The dominant Khomeini school of thought presented a sharp, almost essentialist dichotomy between East and West in an effort to demonstrate the superiority of the Islamic concept of freedom over the Western ones, such as the Universal Declaration of Human Rights. Thus, most Iranian clerical thinkers have rejected the concept of “negative liberty,” which Isaiah Berlin equated with the absence of coercion and restrictions. This school of thought held that negative liberty contradicts the tenets of Islam, which were based on submission to God’s commands, and described this form of liberty as tantamount to “cultural decadence and moral corruption.” The Khomeini school also asserted that Iranian youth did not have to look outside their country for ideological inspiration, arguing that various Shi’i concepts of political thought and philosophy were similar to those of leading Western thinkers such as Emmanuel Kant.

Another school of thought emerged in the 1990s, represented by former president Khatami. This reformist trend sought a more genuine reconciliation between the regime’s ideology and universal concepts of freedom. Those who sought reconciliation believed it was essential for the regime’s long-term survival and for the country’s prosperity. Khatami maintained that “religion and freedom should not oppose each other. Freedom should not be held back in the name of religion, or religion in the name of freedom.” Concurrently, he rejected freedom without religion. Khatami advocated freedom even for those who opposed the regime. However, seeking to harmonize religion and freedom, he contended that freedom should come “with responsibility,” as stipulated by the Iranian constitution, and it “should not be against the tenets of Islam.” In other words, his views still put major constraints on the meaning and scope of freedom, since the criteria remained defined by the Islamic regime, and he ignores the possibility of freedom from religion.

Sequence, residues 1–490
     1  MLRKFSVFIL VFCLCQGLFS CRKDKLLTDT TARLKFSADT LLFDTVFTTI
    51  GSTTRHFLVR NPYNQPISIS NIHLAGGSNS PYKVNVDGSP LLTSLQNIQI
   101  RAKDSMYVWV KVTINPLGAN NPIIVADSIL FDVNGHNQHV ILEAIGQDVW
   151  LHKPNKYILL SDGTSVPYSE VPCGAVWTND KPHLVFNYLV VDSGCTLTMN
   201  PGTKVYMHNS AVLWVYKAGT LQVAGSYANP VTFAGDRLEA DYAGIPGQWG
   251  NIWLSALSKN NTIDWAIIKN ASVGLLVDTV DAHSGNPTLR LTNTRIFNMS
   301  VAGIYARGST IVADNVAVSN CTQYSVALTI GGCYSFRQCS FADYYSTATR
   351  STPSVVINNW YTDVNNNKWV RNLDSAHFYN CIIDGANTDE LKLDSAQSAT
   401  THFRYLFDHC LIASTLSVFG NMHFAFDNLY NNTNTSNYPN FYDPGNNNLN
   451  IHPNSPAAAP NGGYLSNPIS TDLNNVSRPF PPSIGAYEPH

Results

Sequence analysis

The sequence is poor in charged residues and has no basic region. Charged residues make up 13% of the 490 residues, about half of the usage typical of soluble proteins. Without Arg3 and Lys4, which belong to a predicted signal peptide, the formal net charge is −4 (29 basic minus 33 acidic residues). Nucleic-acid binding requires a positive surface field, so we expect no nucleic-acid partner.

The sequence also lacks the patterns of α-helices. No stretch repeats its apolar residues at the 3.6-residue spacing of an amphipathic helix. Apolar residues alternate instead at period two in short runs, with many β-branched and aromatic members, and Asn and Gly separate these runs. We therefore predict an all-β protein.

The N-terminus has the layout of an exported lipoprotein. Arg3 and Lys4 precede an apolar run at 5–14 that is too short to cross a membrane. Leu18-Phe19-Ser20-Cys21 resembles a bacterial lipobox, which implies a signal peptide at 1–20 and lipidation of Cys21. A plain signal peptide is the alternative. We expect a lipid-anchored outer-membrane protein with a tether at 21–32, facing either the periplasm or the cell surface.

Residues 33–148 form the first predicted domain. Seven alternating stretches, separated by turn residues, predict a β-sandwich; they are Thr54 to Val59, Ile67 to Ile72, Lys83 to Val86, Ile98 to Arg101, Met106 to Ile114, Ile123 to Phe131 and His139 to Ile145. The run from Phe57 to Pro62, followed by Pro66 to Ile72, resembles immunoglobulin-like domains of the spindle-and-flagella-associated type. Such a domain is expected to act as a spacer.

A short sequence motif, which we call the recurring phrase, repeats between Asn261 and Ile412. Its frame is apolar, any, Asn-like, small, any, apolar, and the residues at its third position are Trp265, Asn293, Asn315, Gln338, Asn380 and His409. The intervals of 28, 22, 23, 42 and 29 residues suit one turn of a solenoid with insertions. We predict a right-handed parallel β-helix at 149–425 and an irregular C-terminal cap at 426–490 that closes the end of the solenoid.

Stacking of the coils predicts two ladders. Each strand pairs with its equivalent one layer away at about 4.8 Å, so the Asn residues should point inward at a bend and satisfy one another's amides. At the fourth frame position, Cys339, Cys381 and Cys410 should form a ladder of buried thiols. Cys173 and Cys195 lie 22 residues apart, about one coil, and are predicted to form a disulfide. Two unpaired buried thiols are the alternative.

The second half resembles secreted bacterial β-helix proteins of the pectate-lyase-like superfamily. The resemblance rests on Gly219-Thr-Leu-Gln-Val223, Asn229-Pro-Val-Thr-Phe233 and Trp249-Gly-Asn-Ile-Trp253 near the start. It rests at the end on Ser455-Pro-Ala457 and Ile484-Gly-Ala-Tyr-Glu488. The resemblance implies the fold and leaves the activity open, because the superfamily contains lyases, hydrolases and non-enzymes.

A third, smaller trend represented mid-level clerics, most either in prison or in exile. These clerics insisted that “people cannot be dragged to paradise in chains” and were, therefore, willing to consider liberties that challenged the regime’s ideology as well as what the regime believed to be basic Islamic precepts, such as the imposition of the veil on women.

The intellectual debate was largely stifled by the early 21st century, as the government shut down reformist publications, imprisoned several prominent liberal clerics and intellectuals, and then imposed restrictions on the Internet. Liberty thus remained an elusive goal for most Iranians. Yet the appeal of freedom for many Iranians remained strong. At the same time, an important segment within Shi’i political thought has, since the early 20th century, worked on reconciling religious obligations and liberty. Hence, there is room for hope that popular pressure from below as well as intellectual ferment from within will eventually bring about genuine freedom for the Iranian people.

, who received his PhD from Harvard in 1991, is an associate professor at the Department of Middle Eastern History and director of the Alliance Center for Iranian Studies at Tel Aviv University. His work focuses on modern Iranian and Shi`i history.


1. Isaiah Berlin, Four Essays on Liberty (Oxford: Oxford University Press, 1969), p. 146.

2. Berlin, Four Essays on Liberty, pp. 122–31.

3. Abd al-Wahhab Furati, "Azadi dar andishe-yi Imam-i Khomeini,” Faslnamah-yi Hukumat-iI Islami No. 12 (Tabestan 1378/Summer 1999).